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I do the Zumba

~I would believe only in a God that knows how to dance. ~Friedrich Nietzsche

I love to dance. I always have. When I was a child and young teenager it was expressed through ballet. It was considered an "appropriate" dance form for a young Christian girl. Although I could name all of the French positions and execute them with excellence and flair, I simply did not have the body for it. I was too short and too compact with flexibility in only half of all the right places. I was certain my hamstrings were held together by metal strands and not tendons like everyone else. All of the other pretty ballerinas could stretch their top halves so gracefully down past the floor scraping their bun-adorned heads, while I grunted in pain and eyes bulging from the effort. Hoping, always hoping that the tip of my longest finger would miraculously graze the floor. Needless to say, by 16 years old I had come to terms with the fact that I was not cut out for such a graceful dance form.

But what would I do with this leftover rhythm and a heart that burst every time I heard a good beat? Squash it? Quell it? Live cathartically through old re-runs of Dirty Dancing and Footloose? Sure, as I got older I found some release in the club and bar scene, but I'd always been told that dancing is a perpendicular expression of a horizontal desire. I didn't really believe it though. Dancing didn't make me want to have illicit sex; it made me want--for nothing. Because in that moment I was free, in control, exuberant, passionate. Breathing, sweating, smiling and alive. If this is sin, then a life of piety is not for me.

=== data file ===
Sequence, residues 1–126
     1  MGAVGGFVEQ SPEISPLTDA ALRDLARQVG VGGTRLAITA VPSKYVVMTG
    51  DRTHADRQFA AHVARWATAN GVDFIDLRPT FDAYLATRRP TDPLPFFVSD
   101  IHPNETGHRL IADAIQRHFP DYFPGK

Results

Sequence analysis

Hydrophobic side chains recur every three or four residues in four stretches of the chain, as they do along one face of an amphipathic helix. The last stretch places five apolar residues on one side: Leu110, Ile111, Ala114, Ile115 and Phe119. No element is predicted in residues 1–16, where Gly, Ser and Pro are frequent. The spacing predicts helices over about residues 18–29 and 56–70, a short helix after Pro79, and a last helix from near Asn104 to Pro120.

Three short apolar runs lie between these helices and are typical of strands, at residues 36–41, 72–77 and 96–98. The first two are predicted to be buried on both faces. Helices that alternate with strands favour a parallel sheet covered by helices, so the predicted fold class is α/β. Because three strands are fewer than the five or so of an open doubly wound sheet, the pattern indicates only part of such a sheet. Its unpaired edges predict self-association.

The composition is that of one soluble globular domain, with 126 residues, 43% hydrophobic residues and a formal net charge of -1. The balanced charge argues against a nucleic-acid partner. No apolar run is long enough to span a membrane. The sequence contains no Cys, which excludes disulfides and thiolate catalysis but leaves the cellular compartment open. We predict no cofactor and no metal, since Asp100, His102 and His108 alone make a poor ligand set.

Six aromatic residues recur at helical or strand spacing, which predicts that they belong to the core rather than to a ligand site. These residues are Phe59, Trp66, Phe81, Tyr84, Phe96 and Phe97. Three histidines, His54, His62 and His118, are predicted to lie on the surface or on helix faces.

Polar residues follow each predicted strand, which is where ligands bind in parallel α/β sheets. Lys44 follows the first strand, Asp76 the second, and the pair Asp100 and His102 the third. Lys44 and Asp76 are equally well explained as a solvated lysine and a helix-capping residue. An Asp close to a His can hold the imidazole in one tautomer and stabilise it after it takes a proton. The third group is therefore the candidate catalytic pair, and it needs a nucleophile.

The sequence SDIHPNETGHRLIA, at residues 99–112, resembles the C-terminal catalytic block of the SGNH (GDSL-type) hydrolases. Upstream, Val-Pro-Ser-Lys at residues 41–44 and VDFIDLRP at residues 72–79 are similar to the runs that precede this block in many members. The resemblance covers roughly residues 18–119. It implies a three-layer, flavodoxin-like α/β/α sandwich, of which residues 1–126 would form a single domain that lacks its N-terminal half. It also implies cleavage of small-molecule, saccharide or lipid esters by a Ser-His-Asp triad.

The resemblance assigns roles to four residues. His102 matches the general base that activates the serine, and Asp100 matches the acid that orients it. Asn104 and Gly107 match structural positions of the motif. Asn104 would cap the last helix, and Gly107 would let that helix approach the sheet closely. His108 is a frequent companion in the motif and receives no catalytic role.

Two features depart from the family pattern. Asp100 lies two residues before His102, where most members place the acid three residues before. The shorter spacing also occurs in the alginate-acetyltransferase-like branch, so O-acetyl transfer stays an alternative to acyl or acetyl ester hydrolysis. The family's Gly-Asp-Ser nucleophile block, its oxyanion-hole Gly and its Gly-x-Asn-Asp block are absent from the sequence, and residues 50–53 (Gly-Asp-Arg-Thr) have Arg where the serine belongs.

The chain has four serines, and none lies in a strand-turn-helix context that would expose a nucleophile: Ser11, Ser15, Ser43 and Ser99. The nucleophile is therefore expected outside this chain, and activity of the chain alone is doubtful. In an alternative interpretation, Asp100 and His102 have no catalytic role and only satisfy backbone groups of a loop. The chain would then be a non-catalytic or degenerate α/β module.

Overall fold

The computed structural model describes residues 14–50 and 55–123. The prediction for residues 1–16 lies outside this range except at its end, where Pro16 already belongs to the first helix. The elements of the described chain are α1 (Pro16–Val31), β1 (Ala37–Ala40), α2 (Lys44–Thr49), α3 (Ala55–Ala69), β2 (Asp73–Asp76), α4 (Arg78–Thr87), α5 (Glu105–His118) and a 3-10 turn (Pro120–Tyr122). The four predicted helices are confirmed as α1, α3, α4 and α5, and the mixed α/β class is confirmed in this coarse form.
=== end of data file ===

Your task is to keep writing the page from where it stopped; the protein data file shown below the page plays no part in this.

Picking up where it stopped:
When I would dip south of the American border I found new thrill in learning the salsa and meringue. The locals seemed to have a natural gift for dance, and I would pick up their steps quickly. For Latinos, dancing is so much a part of their culture, to take it away would be to remove their heart. Many of them live on meager portions, many in poverty, and yet they dance--confidently. Kings and queens of the Kingdom Dance Floor wrapped in wealth, impoverished no longer.

As of late, my soul has felt heavy and impoverished, hankering for a spiritual and physical release. I found a bit of relief for it in an odd place. Zumba. It's the latest North American fitness craze that combines Latin and international music with dancing and aerobics. I found classes that are pay as you go and wasted no time. I jumped in with both feet (pun intended) the very next night with hopeful expectation and only a bit of apprehension. I wouldn't know a soul there, but in a sense it gave me a bit of comfort to know I was going to be shaking it like a saltshaker in a room of strangers who probably wouldn't judge me.

As they shouldn't. The class was full of mostly middle-aged women with not two, but three left feet if that's possible, looking to get fit and feel young again. Eighty percent of the class looked ridiculous trying to follow the moves of our Latina instructor. I am certain that if a man had happened to drop in on the class, sex would have been the last thing on his mind. Very un-sexy things were happening in all that sweat and spandex. However, we women strangers were free.